Leeds Industrial Museum's incredible mill engine spent a lifetime toiling at the beating heart of the British industry before she retired for a well-earned rest, but this weekend she is back in action to celebrate National Mills Weekend.
The mesmerising machine will be in full working order today to give visitors a rare opportunity to watch the vintage engine in action and see first-hand how steam became the driving force behind the country's biggest and most powerful industries.
The engine takes its name from Fiona Lister, descendant of Steward Tempest, owner of Armley Mills in the early 1900s, and Elizabeth Tempest, daughter of the last owner of the mill, which today houses Leeds Industrial Museum.
Made by Woodhouse and Mitchell of Brighouse in around 1887, the engine is a typical example of the types of machines used to power many of Yorkshire’s smaller mills from the late 1800s.
After being employed in a flour mill in Kent and at a dye works in nearby Lower Wortley, at the end of her working life the engine fell into disrepair.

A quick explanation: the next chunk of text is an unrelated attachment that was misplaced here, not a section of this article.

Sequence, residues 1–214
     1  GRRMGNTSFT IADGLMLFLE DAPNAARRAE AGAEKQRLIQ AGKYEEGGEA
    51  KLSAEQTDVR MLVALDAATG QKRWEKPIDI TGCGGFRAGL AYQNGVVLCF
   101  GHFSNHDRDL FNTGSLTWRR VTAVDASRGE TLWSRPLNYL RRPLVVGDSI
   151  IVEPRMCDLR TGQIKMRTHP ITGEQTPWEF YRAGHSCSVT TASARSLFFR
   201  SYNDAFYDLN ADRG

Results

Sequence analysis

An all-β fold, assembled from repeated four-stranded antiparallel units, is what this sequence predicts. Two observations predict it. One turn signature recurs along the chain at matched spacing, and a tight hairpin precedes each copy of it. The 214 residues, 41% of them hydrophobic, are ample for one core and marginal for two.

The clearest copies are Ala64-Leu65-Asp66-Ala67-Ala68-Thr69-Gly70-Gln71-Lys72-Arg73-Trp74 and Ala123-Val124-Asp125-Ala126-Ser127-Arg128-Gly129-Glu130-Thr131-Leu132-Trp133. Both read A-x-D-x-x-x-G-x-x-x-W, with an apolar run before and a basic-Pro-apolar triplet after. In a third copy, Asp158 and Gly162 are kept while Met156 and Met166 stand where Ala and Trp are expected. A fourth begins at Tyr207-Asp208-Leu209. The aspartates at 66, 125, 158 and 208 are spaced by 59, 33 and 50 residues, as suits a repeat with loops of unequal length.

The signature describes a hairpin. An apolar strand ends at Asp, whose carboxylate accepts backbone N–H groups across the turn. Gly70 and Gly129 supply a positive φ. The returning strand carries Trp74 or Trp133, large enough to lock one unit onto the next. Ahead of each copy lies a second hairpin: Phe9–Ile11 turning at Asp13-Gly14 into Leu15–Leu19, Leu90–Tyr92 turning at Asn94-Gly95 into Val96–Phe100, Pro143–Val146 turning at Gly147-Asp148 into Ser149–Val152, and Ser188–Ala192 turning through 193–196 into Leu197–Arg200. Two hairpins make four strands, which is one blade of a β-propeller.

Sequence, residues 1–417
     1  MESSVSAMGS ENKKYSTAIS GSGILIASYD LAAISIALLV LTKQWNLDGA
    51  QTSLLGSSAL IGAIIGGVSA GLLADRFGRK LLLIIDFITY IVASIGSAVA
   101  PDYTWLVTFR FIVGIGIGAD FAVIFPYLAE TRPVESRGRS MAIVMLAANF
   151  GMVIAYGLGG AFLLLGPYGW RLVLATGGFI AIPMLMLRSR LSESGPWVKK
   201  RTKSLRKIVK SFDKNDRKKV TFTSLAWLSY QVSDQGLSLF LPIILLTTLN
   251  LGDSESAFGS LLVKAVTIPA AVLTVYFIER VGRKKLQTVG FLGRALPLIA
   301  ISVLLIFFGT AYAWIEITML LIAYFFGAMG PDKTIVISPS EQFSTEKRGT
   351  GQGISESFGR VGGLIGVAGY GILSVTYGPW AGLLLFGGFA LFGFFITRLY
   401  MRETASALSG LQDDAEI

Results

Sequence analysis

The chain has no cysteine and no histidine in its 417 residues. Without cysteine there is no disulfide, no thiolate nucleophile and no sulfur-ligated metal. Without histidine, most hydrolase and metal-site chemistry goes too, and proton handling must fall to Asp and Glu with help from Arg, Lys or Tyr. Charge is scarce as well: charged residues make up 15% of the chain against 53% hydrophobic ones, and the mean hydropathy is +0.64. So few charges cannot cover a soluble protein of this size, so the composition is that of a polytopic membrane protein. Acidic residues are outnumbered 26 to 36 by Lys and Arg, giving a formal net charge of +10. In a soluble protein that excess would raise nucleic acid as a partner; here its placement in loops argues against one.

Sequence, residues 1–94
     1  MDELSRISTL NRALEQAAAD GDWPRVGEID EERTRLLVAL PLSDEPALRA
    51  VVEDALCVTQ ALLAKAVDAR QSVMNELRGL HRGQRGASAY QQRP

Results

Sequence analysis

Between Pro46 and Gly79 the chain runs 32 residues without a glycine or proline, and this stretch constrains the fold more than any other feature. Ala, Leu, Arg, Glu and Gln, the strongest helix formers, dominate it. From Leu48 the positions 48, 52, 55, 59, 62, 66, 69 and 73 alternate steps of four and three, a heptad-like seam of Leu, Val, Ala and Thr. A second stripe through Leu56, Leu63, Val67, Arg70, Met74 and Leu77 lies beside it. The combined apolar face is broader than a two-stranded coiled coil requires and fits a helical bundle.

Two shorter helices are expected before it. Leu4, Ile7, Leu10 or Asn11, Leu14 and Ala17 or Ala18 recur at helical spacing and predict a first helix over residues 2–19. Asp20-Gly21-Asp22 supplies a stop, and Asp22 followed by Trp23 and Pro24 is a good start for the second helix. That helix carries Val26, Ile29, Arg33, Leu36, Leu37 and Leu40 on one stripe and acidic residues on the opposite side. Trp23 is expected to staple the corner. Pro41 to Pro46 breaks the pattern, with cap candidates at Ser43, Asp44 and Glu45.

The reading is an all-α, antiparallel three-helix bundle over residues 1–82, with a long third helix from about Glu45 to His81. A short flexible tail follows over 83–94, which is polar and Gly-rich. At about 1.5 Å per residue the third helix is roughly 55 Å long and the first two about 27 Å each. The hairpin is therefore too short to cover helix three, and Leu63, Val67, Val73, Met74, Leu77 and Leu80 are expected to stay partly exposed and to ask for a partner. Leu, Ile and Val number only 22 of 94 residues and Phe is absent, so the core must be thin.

Thankfully, from 1980, a dedicated team of volunteers and museum staff spent around 4,700 hours restoring Fiona Elizabeth to working condition.
John McGoldrick, Leeds Museums and Galleries’ curator of industrial history said: “The sights and sounds of a mill engine are unlike anything else and seeing one in action really does help us to imagine what it must have been like working in a building powered by one of these remarkable machines.
“Engines like Fiona Elizabeth were once the beating heart of Yorkshire’s mills and once helped propel the city and the region to the pinnacle of some of the world’s most important industries.
“Fiona Elizabeth’s superb condition today is a tribute to the dedication of those who worked so hard to restore her to her former glory as well as the robustness of her original design and it’s a real privilege to watch her hard at work.”
National Mills Weekend takes place today and tomorrow and will also see Leeds Industrial Museum hosting a range of exhibits, including the acclaimed Queens of Industry exhibition, which celebrates the women who once represented prominent industries across the UK.
Thwaite Mills Watermill, one of the country’s last remaining water powered mills, will also be holding tours with the chance to see working water wheels in action.
For this weekend only, a ticket to visit either Leeds Industrial Museum or Thwaite Mills will include like-for-like free entry to the other site.